We all love a good spoof and detective Bulldog Drummond, fictional hero of popular British books, films and plays seems as good a subject as any. Bullshot Crummond has all the right ingredients: scheming villains who’ll stop at nothing to get their hands on a secret formula, clumsy disguises, hidden microphones, sticks of dynamite, Mickey Finns, a beautiful and plucky heroine, and a resourceful, unflappable if not always supremely bright hero who modestly describes himself as “not wonderful, just British.”

Director Dale Neill and the cast of this Globe Theatre production have tackled their tasks with enthusiasm. Warren Chambers is splendidly mock-Teutonic as the wicked Otto von Brunno, and Laura Wells is convincingly evil as Lenya, his (presumably) wife. Ashley Stewart nimbly takes on seven minor roles, while Miguel Nitis dominates the stage as Crummond and Juliet McLachlan’s wide-eyed Rosemary suggests the ethereality of 1930s film stars.

There are some lovely low-tech props, notably a reversible cardboard cut-out car, a fat, squishy inflated tarantula and a stuffed-toy bird. Flamboyant costumes include flying-ace outfits, plus fours, fur capes and luxurious underwear.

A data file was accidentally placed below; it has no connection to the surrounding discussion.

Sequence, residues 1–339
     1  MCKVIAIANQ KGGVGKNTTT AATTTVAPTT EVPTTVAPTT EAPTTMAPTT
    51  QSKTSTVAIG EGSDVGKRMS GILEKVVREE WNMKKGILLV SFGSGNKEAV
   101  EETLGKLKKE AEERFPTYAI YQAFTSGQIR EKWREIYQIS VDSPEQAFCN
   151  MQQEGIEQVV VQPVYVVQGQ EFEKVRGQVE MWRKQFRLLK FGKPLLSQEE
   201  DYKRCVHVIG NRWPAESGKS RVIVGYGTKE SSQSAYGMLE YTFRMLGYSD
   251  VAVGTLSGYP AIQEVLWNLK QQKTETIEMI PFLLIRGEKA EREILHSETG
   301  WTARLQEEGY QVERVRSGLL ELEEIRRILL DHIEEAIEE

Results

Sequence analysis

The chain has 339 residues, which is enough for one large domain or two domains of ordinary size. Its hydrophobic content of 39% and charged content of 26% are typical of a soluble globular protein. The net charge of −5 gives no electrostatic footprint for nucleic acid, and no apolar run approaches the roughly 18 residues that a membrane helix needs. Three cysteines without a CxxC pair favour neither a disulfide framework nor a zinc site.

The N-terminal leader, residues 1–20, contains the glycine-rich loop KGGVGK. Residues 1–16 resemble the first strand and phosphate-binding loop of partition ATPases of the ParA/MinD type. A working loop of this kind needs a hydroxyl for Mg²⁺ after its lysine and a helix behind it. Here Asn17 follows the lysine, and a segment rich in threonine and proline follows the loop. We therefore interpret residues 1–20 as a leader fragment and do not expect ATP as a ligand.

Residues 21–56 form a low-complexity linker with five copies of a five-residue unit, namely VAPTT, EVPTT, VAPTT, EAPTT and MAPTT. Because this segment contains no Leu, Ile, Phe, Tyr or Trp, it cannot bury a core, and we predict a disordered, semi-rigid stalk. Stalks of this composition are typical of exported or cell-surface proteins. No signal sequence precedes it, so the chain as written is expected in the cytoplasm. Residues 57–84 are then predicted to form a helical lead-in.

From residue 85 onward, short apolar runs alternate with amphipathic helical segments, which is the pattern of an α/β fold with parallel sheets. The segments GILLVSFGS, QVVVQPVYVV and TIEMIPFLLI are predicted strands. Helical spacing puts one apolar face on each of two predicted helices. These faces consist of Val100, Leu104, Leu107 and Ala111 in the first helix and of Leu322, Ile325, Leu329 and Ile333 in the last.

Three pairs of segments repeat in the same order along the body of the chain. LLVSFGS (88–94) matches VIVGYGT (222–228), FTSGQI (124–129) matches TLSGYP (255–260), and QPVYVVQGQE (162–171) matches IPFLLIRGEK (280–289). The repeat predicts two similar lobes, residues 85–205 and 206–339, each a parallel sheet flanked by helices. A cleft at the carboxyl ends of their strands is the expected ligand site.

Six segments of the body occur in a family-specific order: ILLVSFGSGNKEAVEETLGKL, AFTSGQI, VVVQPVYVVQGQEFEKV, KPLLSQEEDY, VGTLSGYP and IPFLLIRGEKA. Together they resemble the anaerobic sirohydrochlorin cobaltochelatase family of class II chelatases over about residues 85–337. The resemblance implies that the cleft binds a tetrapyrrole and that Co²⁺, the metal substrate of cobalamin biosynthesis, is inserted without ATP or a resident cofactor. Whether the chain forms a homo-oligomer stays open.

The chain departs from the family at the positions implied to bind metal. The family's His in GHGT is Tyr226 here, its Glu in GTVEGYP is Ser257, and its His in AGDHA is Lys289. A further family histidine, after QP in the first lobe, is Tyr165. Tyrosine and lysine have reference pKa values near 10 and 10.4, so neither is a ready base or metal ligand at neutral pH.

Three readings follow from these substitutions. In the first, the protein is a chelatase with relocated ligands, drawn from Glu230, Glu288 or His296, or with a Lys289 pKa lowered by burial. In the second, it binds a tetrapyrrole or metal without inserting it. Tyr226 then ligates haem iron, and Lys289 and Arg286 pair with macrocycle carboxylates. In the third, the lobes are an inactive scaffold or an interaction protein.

So why isn’t it funnier? The answer lies, I think, in Ron House’s 40-year-old script. It contains laughs aplenty, but comedies don’t always age well and this one seems to have passed its use-by date. 

Apart from the dated humour, performance problems include slow pacing, timing (especially where there are fights or sudden reversals) and loss of momentum when scene changes could be slicker. 

The smallish opening-night audience laughed, but only occasionally. Although the play’s essential silliness comes through, true hilarity is sadly lacking.

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Crazy fun for the young and pleasant nostalgia for the mature

Review by Terry MacTavish 28th Nov 2015

So you are an evil villain. So you want to destroy the hero. So of course the obvious solution is to paralyse the self-righteous idiot with an untraceable drug, then get a glamorous femme fatale to pop a stick of dynamite into his rigidly open mouth, and depart before the explosion, which will allow him just enough time for a daring escape/rescue. See? Obvious. 

The ludicrous tales of 1930s British detective heroes with stiff upper lips really parody themselves. With barely a tweak, Bulldog Drummond becomes Bullshot Crummond, and we are in for a feast of nonsensical derring-do, complete with dastardly Germans (well, it was in between the wars), mad professors, damsels in distress and the clean-cut, square-jawed hero who will inevitably triumph.